And that by the way is by no means an excuse for the giggly young fresher. Please perk up or somewhere down the line you will pay for it. Not all visitors are meek enough to put up with it. As a matter of fact, many of them are not. You just might get away with it as a bank manager but it is very unlikely the same leeway will be accorded to a young receptionist.

Let me share with you the story of one of my friends who was taken on as ‘front office staff’ by a private corporation too cheap to employ a separate receptionist. The innovative designation meant that she had all the normal duties of a receptionist in addition to being an all-round girl Friday.

The other thing about cheap companies is that they don’t provide orientation programs or training courses for young school leavers. So there you are fresh out of school, your first salary doesn’t cover your bus fare to work and you are in a whole new environment with no guidelines whatsoever on what the etiquette expected is.

You will learn ‘on the job’ though. That’s the Sri Lankan way. As soon as you do something you shouldn’t have, your boss or an office senior will yell at you in front of as many people as possible and then it will register with you in a way that you will never make the mistake again. That’s management, Sri Lankan style.

If you are a Business Management or Human Resources student reading this and thinking, “Hey hold on, that’s not how it works,” throw your text books away and trust me. That is how it works in most places here. Managers might prefer international qualifications over local ones but what happens in office, including management styles is quintessentially Sri Lankan.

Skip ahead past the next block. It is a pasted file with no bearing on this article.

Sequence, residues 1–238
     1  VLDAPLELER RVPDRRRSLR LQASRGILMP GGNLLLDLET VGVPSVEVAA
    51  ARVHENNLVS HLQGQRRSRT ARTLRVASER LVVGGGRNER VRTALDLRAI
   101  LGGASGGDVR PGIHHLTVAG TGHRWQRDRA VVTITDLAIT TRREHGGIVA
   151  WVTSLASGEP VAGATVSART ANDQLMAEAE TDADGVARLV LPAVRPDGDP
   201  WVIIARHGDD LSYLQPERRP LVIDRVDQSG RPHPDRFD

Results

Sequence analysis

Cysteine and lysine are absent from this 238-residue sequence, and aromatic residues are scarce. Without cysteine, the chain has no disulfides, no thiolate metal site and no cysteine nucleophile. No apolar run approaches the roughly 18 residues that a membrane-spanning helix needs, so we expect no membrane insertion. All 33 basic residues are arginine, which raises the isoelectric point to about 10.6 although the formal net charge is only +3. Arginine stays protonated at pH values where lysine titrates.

So to get back to my friend’s story, she was answering a call when a visitor walked in. Both answering calls and greeting visitors was part of her job.

She had been told that much. Hooray for clear cut guidelines. What she hadn’t been told was what to do when occasions arose for the necessity of doing both at once. Since she was already on the call, common sense might have dictated to her that she smile politely at the visitor, indicate she was busy and gesture him to please take a seat in the meantime.

If the call took too long as this one apparently did, she might have even politely excused herself to the caller to ask the visitor what he needed. However as the wise Voltaire noted, “Common Sense is not so common.”

Hence she completely ignored the visitor, an important looking elderly man for the next 10 minutes, as she concentrated on the call. The visitor turned out to be a VIP, highly regarded by the Managing Director of the company, whom he had come to see on a professional call.

The MD when he came to hear his esteemed visitor had been kept waiting, and even more unforgivably ignored while waiting, flew through the roof. There are many people out there who will make it into middle age without learning never to ignore this basic piece of office etiquette but my friend is not one of them. She came home in tears that day.

Spare the rod and spoil the child, most Sri Lankan parents believe. Most Sri Lankan managers believe the same except that they use verbal rods and their victims are a little more grown up.

Now why do I seem to be advocating this sort of violence (I am not) and what exactly is this rant about?
Well I was kept waiting nearly 20 minutes by some silly girl on the phone, who blithely ignored my presence to flirt with her boyfriend on the other end. It would have been only the work of a few seconds to attend to me. All she needed to do was give me directions to a certain senior person’s office in the building and I am still smarting with annoyance over the incident.

What was that? It’s not polite to rant this much over a minor incident? Especially to people who have nothing to do with it?

Well, I never was good at remembering all those rules on etiquette.